High Performers Spend Their Time Differently

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Before reading this post, think about the following quote from Abraham Lincoln:

If I have 6 hours to chop down a tree, I’d spend the first 4 hours sharpening the axe.

I’ve had the great privilege of coaching/advising one of the highest performance sales teams I’ve ever worked with. They are led by a great manager who has built a talented team.

One of the great things about working with a team like this is they execute in a very disciplined way. This team has been using our Sales Execution Framework (SEF) as the cornerstone to their sales execution strategy. They’ve seen stunning improvements in the performance of each person on the team, as measured by forecast accuracy, win rates, and increases in average win rate. Naturally quota and revenue performance are far above plan.

The manager is committed to continuous improvement, so we started looking at the differences between the highest performers and the other high performers. Since we had improved performance in so many areas, we were looking at the issue, “Can we compress the sales cycle?”



We discovered something amazing in comparing the highest performers to every one else.

First, their overall sales cycles were significantly lower than the sales cycles of everyone else.

We would expect this, but the most stunning data was this:

The highest performers spent twice as much time in the qualifying stage of the sales process than everyone else!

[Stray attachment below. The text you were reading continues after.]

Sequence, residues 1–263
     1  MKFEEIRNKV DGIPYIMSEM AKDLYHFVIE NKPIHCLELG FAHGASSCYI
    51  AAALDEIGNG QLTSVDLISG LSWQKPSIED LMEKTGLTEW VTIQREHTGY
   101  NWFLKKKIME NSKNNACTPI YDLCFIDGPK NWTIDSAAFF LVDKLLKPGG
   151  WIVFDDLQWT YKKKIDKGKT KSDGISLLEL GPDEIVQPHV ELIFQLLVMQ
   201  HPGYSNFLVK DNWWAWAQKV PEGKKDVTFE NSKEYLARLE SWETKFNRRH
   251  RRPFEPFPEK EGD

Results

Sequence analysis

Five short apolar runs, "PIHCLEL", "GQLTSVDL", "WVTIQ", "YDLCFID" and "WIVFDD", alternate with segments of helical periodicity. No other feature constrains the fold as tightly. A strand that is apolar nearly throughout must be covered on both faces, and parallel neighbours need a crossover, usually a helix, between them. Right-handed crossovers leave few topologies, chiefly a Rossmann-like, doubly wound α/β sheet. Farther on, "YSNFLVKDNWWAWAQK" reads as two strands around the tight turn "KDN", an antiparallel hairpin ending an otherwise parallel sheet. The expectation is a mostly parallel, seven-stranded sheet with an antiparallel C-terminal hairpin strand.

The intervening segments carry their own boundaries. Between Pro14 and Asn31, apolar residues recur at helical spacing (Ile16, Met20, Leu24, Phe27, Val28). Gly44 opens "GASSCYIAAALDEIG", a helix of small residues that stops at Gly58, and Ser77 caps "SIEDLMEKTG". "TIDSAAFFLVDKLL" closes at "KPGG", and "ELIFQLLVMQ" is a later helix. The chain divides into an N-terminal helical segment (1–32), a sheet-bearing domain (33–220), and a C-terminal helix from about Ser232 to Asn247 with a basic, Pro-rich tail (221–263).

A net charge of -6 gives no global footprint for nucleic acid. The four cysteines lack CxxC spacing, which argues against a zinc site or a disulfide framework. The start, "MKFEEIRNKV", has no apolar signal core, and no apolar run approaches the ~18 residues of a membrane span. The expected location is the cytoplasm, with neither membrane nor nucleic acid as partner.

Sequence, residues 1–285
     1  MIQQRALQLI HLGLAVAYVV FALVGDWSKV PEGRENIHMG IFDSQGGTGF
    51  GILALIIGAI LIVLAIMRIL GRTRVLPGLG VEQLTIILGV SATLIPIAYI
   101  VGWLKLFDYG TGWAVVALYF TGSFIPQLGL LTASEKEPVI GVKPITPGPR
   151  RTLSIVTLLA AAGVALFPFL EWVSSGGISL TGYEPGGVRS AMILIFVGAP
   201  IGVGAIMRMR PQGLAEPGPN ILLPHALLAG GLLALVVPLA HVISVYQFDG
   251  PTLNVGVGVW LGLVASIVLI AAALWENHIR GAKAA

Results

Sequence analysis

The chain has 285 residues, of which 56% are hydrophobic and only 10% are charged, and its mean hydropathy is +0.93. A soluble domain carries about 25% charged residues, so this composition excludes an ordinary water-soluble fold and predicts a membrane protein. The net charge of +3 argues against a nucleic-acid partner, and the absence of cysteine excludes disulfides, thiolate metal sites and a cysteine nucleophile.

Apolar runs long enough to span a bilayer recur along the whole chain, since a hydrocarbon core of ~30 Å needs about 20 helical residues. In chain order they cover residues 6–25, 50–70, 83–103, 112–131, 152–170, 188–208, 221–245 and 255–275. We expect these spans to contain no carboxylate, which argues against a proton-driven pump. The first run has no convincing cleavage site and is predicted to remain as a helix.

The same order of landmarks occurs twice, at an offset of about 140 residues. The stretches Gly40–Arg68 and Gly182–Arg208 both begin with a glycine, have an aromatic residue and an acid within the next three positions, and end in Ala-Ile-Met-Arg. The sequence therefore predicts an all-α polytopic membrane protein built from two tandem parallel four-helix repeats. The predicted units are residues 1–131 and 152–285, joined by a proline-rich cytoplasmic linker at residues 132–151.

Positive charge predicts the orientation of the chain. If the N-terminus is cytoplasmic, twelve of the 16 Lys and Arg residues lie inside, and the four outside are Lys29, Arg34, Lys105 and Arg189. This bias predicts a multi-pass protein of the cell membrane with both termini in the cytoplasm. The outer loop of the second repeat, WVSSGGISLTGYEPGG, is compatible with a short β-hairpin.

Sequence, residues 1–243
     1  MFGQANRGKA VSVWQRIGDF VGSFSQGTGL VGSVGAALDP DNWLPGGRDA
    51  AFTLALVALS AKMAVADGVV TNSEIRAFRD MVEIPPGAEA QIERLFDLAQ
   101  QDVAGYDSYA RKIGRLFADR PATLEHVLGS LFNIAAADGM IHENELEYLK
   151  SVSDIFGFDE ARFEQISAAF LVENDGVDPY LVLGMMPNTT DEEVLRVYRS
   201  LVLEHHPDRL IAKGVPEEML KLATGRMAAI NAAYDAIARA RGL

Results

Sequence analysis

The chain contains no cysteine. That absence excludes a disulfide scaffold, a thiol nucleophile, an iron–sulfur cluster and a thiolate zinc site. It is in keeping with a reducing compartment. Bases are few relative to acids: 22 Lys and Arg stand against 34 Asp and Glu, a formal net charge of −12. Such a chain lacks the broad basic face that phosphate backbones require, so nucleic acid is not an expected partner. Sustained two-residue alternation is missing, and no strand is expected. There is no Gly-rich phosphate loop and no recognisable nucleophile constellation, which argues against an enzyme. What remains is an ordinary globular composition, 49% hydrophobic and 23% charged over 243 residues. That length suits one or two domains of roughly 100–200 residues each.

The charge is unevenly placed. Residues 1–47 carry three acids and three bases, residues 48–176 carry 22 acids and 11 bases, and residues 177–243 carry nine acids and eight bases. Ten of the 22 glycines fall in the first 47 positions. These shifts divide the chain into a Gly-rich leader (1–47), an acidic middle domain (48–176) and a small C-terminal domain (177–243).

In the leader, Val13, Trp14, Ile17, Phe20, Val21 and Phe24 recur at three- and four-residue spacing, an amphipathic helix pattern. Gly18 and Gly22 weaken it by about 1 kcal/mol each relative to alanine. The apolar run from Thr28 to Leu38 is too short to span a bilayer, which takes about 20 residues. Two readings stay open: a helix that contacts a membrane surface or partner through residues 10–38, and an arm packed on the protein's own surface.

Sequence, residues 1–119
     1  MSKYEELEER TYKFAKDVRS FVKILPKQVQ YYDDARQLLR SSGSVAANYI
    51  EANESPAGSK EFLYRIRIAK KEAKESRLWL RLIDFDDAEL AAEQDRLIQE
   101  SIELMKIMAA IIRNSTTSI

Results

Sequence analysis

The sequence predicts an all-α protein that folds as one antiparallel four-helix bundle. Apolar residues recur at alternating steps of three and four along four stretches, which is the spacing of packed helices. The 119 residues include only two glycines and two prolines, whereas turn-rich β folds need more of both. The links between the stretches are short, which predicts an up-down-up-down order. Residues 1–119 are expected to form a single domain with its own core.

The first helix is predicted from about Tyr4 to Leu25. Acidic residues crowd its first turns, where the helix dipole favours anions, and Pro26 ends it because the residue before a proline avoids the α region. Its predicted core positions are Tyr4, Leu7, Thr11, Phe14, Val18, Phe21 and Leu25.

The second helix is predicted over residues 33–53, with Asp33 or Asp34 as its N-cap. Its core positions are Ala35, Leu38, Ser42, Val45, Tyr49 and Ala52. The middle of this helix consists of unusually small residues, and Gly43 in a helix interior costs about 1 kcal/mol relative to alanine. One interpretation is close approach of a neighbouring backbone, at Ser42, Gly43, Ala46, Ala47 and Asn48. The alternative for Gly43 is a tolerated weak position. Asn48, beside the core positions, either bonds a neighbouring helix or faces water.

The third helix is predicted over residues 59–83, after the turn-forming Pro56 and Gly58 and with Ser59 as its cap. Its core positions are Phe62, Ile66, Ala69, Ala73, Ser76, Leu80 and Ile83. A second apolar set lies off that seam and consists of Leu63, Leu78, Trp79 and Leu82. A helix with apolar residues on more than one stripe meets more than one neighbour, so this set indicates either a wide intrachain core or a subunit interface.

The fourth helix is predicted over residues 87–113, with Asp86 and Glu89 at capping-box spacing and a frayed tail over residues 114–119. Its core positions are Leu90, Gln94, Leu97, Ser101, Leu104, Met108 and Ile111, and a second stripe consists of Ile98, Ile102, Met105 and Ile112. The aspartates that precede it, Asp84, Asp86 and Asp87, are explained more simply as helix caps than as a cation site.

Initially, we thought that was strange, so we started talking to those people. It turns out the highest performers spent more time finding the right deals, building customer urgency and need to buy than their colleagues.

The second piece of the analysis was almost as stunning:

As we looked at the rest of the sales cycle, the highest performers spent about 30% of the time in the discovery and proposing/closing stages of the sales process, when compared to the others.

We were less surprised, we realized that when you have the right deals with customers that have a high sense of urgency, it’s much easier to move the customer through their buying process.

Those that had spent less time qualifying struggled more moving the customer through their buying process. Their overall sales cycle was much longer than their higher performing colleagues.

This data is even more important as I look at how too many sales people and organizations work. They spend as little time as possible in qualifying–rather disqualifying. They typically rush through the process, driven by wishful thinking like, “They met with me for an hour, they must be interested….” Then they struggle endlessly trying to move the deal through the buying process.

We see the results not only in much longer sales cycles, but much lower win rates, higher discounting, and lower average deal size. The latter 2 tend to be driven by thinking like, “I’ve invested so much time in this deal we have to discount it, I can’t lose….”



Ironically, we’ve seen another piece of interesting data, sales people tend to spend 2-3 times more time losing deals than they do winning deals.

High performers spend their time far differently than anyone else. They don’t rush the sale. They know the upfront work, finding the right customer, the right opportunity, and creating the highest sense of urgency in qualifying the customer made their subsequent job of winning the deal much easier and faster.

You can’t begin to understand and engineer your own performance or that of your team unless you have a disciplined structured manner to understand the key performance drivers, metrics aligned with that structure. For this team, the Sales Execution Framework (SEF) is the cornerstone for sales people in managing their pipelines and deal strategies. It’s the tool the manager uses to analyze performance and coach his team. I’m glad to send you a white paper on the Sales Execution Framework (SEF) if you’d like to learn more.

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